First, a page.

Scientists have speculated for more than 200 years about the success and remarkable diversity of flowering plants, which have fueled a significant portion of modern animal diversity and serve as the basis of our food system.
Writing Thursday in the journal PLOS Biology, the team shows that the plants’ dominance stems from a small genome.
“The flowering plants are the most important group of plants on earth, and now we finally know why they have been so successful,” the authors write.
Research over the past 30 years shows flowering plants have unrivaled rates of photosynthesis, enabling them to develop faster and outcompete conifers and ferns that had dominated ecosystems for hundreds of millions of years.
Flowering plants’ metabolic success stems from their specialized leaves, which accelerate water transport and carbon dioxide uptake.
These anatomical advancements are directly linked to genome size, according to the team.
Since each cell features a copy of a plant’s genome, smaller genomes enable cells to be smaller, which, in turn, allows more cells to be packed into a specific volume of space. Shrinking the size of each cell can also make nutrient and water delivery more efficient.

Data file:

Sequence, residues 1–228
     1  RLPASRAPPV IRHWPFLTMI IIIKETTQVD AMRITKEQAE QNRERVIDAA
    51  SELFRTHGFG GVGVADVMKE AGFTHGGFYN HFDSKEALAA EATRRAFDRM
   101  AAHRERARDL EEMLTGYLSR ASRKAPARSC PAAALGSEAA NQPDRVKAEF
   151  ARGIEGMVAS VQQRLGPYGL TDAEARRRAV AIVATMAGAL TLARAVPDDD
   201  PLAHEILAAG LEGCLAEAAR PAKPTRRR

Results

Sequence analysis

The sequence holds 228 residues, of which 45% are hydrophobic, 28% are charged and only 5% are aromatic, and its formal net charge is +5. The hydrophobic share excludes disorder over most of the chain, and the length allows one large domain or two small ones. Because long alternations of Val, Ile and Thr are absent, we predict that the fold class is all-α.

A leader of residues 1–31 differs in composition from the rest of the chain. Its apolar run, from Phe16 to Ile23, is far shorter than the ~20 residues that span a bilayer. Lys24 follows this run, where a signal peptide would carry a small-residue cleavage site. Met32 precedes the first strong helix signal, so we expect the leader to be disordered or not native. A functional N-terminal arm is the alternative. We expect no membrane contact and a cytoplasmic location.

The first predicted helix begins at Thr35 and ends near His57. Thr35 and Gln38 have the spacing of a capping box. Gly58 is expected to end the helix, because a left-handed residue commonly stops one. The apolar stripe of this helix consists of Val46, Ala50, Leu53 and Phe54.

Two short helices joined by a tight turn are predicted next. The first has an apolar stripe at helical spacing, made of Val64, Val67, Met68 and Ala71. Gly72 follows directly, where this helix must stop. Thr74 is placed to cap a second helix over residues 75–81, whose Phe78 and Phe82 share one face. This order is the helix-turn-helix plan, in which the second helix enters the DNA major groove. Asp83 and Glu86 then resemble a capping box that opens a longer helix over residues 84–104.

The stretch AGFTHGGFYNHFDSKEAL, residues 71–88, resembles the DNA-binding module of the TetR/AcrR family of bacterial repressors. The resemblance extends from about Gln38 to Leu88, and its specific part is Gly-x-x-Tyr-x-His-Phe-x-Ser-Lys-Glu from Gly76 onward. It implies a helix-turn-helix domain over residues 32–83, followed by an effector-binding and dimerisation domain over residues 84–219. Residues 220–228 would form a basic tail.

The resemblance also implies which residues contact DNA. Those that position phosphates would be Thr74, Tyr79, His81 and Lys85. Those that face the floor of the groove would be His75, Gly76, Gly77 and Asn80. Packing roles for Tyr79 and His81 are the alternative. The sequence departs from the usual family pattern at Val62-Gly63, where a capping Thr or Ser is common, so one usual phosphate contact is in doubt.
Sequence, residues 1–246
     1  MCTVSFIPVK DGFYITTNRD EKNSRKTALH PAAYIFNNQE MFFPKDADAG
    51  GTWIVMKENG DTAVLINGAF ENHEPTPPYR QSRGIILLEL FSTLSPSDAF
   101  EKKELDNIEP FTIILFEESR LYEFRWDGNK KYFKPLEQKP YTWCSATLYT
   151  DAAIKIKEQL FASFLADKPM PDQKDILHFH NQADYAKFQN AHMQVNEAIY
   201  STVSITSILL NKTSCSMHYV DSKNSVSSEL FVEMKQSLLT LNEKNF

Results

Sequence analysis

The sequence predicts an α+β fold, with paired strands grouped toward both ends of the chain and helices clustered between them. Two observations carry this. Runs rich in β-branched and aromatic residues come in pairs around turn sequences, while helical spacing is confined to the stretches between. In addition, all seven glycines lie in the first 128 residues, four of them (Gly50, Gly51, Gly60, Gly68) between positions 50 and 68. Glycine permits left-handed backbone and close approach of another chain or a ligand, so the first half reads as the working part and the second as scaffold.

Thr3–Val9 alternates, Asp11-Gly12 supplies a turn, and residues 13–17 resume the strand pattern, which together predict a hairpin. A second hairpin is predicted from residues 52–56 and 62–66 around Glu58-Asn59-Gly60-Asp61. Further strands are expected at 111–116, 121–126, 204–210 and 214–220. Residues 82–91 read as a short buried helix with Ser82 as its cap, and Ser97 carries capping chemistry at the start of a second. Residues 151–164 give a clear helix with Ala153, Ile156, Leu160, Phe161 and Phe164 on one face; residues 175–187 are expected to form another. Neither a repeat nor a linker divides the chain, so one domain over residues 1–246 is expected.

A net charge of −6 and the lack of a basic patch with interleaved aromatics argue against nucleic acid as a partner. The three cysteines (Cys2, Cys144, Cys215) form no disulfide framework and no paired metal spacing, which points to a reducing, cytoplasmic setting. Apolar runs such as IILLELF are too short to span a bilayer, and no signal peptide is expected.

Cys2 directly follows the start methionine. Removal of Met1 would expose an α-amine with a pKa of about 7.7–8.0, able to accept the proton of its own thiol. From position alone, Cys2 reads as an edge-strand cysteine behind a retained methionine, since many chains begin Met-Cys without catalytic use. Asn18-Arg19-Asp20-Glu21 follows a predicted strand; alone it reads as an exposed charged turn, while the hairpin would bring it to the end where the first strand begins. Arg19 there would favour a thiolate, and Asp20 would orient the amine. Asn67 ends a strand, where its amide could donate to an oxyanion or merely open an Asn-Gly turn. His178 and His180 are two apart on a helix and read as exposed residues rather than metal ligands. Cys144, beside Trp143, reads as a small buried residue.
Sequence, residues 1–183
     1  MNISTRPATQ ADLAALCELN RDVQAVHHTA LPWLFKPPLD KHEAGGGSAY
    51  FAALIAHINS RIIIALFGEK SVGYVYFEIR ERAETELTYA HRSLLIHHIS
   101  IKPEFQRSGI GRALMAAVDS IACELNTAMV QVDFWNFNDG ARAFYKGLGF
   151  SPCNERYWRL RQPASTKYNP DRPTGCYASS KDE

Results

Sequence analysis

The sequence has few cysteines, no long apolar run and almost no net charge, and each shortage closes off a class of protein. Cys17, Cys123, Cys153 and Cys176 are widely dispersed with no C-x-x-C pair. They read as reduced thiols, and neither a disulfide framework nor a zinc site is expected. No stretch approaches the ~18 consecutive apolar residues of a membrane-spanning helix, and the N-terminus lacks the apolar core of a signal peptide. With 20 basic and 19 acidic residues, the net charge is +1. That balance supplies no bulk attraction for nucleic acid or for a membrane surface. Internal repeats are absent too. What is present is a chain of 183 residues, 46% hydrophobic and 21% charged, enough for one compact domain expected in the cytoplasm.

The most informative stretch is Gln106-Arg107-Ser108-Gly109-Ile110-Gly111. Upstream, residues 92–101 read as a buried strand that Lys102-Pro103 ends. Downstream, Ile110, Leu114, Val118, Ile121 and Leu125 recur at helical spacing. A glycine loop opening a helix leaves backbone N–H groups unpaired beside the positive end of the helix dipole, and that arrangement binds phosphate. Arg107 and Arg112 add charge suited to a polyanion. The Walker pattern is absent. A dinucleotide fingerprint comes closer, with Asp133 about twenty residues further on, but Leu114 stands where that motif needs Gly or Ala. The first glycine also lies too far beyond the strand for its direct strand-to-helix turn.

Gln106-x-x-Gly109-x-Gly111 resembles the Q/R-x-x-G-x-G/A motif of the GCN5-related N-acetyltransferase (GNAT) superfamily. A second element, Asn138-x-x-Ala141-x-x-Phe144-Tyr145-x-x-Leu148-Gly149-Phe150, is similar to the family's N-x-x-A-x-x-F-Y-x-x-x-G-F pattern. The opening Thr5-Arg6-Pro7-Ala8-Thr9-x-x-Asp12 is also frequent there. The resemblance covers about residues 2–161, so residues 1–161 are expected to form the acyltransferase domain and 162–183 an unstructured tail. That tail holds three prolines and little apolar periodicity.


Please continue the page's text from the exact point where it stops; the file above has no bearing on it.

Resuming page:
After examining hundreds of species, the researchers determined that genome downsizing began around 140 million years ago during the early Cretaceous period, and aligned with the global spread of the first flowering plants.
“The flowering plants are highly competitive in almost every terrestrial ecosystem, and their rapid rise during the early Cretaceous period irrevocably altered terrestrial primary productivity and global climate,” the researchers write.
While the report answers a long-standing question, the findings present several mysteries.
Future research could examine how flowering plants were able to shrink their genomes more than other plant species, which innovations in genome packing and structure the plants capitalized on, and how ferns and conifers managed to avoid extinction despite their comparatively large genomes and cells.